At least 10 were killed at a second but much smaller sit-in site in Nahda, near Cairo University, which officials successfully cleared by mid-afternoon.
Among those killed at Rabaa were at least two journalists, including Sky News cameraman Mick Deane, a 15-year veteran. And despite government assurances that journalists would be allowed to see inside the sit-in, several were arrested or threatened when they tried.
There were also conflicting reports that the daughter of Brotherhood supreme leader Khairat al-Shater and her husband were killed in Rabaa, as well as Freedom and Justice Party leader Mohamed El Beltagy's daughter Asmaa, 17. The new government already had arrested Shater; Beltagy was believed to be hiding in Rabaa.
Rabaa, where Morsi supporters have been sitting - and in some cases living - since June 28, remained a sit-in by mid-afternoon, despite the carnage. But it now appeared more like a battlefield than a protest site. Residents positioned their cars as barricades and pieces of concrete were removed from the sidewalk and broken up to be used as rocks. As protesters tried to go to the hospital, they huddled and ran to the building to dodge the gunfire, which never stopped from the first attack at 7 a.m.
Witnesses said that an hour earlier military and police vehicles began surrounding the several block site, which included numbered tents, bathrooms and kitchens for the thousands living there. Around 7 a.m., forces threw tear gas into the crowds, said Mohammed el Nagger, 64, a carpenter who has been at the site since June 28, two days before Morsis first anniversary in office. Residents started to run out of the tents, el Nagger said.
Once the people went out into the open, they started shooting, said el Nagger, who was struck in the ankle.
His son, Kamel, 35, described a horrific scene of people trying to help each other, his bandaged hand shaking as he recalled the incident.
In front of my eyes I saw someone shot. Another man went to help him and he was shot too. They were lying on top of each other, he said. We cannot even move the dead outside.
Morsi opponents charged that they were marginalized under the former president, the first democratically elected leader in Egypts history. Facing growing unpopularity and unprecedented protests, the military announced he was no longer president, replaced by interim leader Adly Mansour. Morsis ouster spurred his protesters to stay in the sit-in until he was reinstated. In an instant, Morsi supporters went from governing the country to be branded as terrorists by their usurpers and the majority of Egyptians who opposed them.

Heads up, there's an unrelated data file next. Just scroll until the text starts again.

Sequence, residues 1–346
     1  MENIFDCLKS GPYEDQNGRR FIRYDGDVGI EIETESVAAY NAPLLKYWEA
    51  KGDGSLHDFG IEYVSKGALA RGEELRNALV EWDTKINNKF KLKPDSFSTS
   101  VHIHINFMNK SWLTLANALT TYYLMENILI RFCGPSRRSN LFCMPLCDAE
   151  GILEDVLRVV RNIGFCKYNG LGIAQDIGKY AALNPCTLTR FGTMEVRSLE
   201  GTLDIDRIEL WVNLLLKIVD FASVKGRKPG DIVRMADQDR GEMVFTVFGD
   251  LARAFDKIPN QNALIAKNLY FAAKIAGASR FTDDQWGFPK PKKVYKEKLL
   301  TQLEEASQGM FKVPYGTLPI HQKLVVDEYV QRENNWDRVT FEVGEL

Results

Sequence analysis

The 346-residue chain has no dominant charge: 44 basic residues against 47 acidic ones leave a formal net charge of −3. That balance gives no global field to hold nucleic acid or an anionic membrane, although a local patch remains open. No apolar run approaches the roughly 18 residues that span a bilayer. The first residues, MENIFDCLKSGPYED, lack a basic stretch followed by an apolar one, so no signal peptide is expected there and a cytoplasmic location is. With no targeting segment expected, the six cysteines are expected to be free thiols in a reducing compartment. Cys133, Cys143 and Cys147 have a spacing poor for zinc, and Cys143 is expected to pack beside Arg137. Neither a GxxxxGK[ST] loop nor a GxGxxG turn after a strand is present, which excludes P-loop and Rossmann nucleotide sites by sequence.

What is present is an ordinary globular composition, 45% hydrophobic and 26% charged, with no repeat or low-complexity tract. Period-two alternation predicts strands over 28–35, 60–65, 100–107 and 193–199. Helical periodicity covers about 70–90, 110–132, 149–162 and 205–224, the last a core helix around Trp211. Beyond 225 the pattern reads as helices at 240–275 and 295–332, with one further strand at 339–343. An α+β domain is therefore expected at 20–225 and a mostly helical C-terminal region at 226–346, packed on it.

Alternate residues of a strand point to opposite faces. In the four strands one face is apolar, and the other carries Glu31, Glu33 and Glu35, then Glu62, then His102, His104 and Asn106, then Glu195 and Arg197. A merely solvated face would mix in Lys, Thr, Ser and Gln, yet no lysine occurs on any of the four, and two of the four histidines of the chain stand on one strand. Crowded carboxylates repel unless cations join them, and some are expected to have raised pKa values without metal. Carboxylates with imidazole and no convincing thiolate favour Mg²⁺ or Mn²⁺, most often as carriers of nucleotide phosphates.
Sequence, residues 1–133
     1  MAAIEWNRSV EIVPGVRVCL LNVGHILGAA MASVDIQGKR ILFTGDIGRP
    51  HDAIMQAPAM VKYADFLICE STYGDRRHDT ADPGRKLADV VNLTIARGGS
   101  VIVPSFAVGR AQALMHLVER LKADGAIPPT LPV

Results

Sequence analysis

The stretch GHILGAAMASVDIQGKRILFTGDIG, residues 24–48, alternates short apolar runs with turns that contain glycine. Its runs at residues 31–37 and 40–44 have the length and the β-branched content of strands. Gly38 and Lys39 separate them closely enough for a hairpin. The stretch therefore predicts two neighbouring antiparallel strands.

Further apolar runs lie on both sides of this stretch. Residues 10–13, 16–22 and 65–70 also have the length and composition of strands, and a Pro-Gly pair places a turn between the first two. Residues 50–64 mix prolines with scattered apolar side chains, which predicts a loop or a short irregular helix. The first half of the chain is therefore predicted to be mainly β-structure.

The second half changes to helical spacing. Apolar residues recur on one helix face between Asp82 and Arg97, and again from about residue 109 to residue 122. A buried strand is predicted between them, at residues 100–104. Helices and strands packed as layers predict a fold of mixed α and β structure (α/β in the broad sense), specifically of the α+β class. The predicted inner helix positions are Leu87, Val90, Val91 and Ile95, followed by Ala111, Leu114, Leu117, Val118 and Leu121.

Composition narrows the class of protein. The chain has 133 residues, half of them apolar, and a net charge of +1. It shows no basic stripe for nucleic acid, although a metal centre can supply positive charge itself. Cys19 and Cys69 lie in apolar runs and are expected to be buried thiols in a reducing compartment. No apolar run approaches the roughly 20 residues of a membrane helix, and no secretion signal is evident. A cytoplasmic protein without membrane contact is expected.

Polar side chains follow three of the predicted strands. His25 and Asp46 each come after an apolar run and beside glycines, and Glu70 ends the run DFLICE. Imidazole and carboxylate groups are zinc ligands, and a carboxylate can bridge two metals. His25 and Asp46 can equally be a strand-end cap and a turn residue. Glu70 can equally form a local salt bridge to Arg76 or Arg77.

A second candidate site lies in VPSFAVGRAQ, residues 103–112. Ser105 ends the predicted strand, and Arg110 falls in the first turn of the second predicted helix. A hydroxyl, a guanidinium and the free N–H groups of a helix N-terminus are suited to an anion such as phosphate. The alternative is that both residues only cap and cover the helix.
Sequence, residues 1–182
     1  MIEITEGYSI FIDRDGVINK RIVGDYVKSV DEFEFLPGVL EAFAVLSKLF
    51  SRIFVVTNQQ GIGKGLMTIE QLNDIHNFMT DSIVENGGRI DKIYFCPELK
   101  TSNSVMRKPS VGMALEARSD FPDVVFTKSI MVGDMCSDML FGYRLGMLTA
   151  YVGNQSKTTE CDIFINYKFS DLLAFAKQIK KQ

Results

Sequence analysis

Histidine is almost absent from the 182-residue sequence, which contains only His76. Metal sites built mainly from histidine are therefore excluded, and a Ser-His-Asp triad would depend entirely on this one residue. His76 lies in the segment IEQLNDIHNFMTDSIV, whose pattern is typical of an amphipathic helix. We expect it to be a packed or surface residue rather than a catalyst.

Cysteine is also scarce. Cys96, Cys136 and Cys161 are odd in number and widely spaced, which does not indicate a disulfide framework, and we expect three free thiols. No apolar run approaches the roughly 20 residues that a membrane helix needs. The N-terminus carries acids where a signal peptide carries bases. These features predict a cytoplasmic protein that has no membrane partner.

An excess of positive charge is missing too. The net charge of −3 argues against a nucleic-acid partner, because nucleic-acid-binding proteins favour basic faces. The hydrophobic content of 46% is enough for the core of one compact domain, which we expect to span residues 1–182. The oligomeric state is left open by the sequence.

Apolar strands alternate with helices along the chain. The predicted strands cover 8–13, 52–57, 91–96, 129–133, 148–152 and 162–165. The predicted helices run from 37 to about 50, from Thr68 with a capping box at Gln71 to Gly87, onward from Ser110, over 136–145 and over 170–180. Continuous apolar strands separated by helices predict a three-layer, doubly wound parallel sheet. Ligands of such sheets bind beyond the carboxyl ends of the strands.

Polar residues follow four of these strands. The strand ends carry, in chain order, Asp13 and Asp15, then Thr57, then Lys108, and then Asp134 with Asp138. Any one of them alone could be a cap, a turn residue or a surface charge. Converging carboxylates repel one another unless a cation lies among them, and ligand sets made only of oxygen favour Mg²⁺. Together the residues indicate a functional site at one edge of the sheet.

Efforts failed in the past month of negotiations, both by Egyptians and the international community. Neither side could agree on who would represent them, let only the major divisive issues of the day.
Now in power again, the military and its civilian named government blamed the Brotherhood for the violence Wednesday urging them to side with reason.
As the clashes erupted, the Ministry of Interior urged protesters to use one exit point. But waiting for them there were local residents who vowed to beat up those leaving. On a bridge looking over the police vehicles stationed nearby, a man ripped a Morsi poster in front of the police.
Ahmed Tayab, sheikh of al Azhar, a revered institution of Sunni thought, condemned the violence and said he was unaware the security forces planned to clear the area. Indeed, he was scheduled to lead negotiations between the Brotherhood and the government Wednesday even as he shared the stage with el-Sissi during the July 3 announcement.
At the field hospital, so many bodies came in so quickly, it was clear there was not room for them. Sha-heed! or Martyr protesters would yell as another dead man came by. Those who were lucky enough to escape the site sought treatment at a nearby mosque turned hospital. Some tried to take off their shoes at the doors in accordance with religious customs.
This no time to take off shoes! the imam yelled as blood soiled the mosque carpets. Every few minutes a man would be carried in, the women would scream and there were quiet murmurs of what the days events meant for Egypts future.
We can no longer be peaceful, a Morsi supporter said as he carried an injured friend into the morgue.
Video, images (some graphic) from Wednesday's attacks: